Haman raised the claim to King Ahasuerus that the Jews should be killed because they were not keeping his laws, i.e. they were disunited. “There is a certain people, scattered and dispersed.” This was an accurate claim because the laws by which the Jews became a nation at the foot of Mount Sinai were laws of unity. Therefore, being “scattered and dispersed” means that they failed to uphold the laws that made them a nation to begin with. While separated, the Jews were deemed unnecessary, which is why Haman has a case in his efforts to eradicate them.
The Jews, on one hand, feared for their life. On the other hand, they couldn’t understand what they did to deserve such a harsh verdict. Mordechai then gathered the Jews, reuniting them, and voiding Haman’s claim void that they were scattered and dispersed. Thus, by uniting, they no longer breached the king’s law, and the verdict against them was reversed.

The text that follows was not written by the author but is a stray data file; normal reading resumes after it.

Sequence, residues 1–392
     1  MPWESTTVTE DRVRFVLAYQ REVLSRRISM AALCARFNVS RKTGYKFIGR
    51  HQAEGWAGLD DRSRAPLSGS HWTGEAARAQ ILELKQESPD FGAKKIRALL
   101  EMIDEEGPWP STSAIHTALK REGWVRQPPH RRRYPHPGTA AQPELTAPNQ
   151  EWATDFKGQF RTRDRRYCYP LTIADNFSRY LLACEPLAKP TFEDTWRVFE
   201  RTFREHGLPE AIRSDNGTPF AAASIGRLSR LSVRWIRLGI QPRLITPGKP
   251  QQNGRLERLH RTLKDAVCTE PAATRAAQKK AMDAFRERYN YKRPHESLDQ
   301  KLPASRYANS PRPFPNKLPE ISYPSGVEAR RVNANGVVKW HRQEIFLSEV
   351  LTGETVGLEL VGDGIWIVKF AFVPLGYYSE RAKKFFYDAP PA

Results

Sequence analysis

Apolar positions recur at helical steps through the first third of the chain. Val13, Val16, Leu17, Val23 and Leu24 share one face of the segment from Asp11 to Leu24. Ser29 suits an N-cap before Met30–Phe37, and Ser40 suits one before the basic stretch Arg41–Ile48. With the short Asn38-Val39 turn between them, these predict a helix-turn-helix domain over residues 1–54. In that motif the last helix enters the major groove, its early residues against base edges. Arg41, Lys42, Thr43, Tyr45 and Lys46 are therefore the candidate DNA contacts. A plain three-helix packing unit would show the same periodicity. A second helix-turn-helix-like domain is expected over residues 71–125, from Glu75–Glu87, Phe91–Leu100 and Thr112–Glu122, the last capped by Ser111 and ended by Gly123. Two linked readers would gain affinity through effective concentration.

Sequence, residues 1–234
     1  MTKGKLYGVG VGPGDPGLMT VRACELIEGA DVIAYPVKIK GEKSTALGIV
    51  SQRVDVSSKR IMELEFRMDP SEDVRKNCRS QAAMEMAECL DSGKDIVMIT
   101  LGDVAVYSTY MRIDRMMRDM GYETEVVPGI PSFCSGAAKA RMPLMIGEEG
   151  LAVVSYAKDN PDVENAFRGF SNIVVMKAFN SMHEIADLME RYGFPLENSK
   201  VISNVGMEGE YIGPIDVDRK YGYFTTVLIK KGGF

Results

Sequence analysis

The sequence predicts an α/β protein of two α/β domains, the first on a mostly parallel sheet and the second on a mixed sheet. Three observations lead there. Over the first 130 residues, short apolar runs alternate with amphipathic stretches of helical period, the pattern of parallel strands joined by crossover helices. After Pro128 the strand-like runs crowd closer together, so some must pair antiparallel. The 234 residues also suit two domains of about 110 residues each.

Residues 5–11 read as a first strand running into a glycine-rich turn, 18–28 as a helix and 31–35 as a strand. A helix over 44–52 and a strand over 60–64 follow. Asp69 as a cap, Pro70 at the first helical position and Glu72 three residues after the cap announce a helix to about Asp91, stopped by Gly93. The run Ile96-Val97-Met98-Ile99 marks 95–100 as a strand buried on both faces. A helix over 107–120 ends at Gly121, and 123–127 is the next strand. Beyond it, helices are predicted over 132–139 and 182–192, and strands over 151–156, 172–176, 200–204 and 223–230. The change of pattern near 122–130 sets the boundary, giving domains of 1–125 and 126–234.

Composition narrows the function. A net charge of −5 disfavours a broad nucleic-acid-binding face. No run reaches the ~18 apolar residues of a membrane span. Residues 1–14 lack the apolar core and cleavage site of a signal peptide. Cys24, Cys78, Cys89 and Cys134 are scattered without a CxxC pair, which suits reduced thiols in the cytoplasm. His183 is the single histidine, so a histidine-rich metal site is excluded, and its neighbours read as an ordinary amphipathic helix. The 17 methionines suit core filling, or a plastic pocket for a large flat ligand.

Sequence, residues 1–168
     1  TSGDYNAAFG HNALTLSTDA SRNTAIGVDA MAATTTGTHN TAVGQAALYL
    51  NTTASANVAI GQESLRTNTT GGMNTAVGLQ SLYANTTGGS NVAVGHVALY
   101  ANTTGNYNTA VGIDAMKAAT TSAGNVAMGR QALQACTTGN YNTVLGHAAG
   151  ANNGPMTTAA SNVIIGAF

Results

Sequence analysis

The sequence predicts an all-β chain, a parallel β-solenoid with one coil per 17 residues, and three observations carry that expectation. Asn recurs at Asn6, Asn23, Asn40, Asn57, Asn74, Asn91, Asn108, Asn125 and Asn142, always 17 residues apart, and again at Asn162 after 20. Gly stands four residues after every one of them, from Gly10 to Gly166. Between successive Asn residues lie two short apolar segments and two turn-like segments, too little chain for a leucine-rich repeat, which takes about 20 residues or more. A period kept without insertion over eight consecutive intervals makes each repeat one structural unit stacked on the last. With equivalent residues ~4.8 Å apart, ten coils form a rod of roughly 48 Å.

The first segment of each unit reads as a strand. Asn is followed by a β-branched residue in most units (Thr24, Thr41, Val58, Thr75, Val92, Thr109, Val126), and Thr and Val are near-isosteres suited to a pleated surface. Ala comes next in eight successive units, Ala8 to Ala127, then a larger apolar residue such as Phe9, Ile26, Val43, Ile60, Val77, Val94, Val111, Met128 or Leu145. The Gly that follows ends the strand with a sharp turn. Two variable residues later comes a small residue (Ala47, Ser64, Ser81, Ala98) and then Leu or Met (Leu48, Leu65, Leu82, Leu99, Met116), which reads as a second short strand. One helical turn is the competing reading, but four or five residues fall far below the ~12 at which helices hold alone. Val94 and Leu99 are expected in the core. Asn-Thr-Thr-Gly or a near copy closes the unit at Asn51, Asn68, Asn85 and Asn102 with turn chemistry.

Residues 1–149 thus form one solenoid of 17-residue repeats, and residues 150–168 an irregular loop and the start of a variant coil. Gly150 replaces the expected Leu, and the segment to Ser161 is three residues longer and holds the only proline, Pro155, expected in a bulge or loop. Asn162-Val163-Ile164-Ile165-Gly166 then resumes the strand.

As with all the Torah’s stories, the figures and the interplay between them represent attributes and powers playing out in our thoughts, desires, attitudes and relationships. They are just as present today as they were thousands of years ago. Moreover, the more we develop, the more these powers intensify. The ruthless will to rule and control surfaces in some people more than others, to the point of entirely consuming some, making them do anything possible to rise to all kinds of positions of power.
Therefore, the core message of the Purim story is that our unity is our salvation, and our neglect for our unity endangers, harms and can even potentially annihilate us.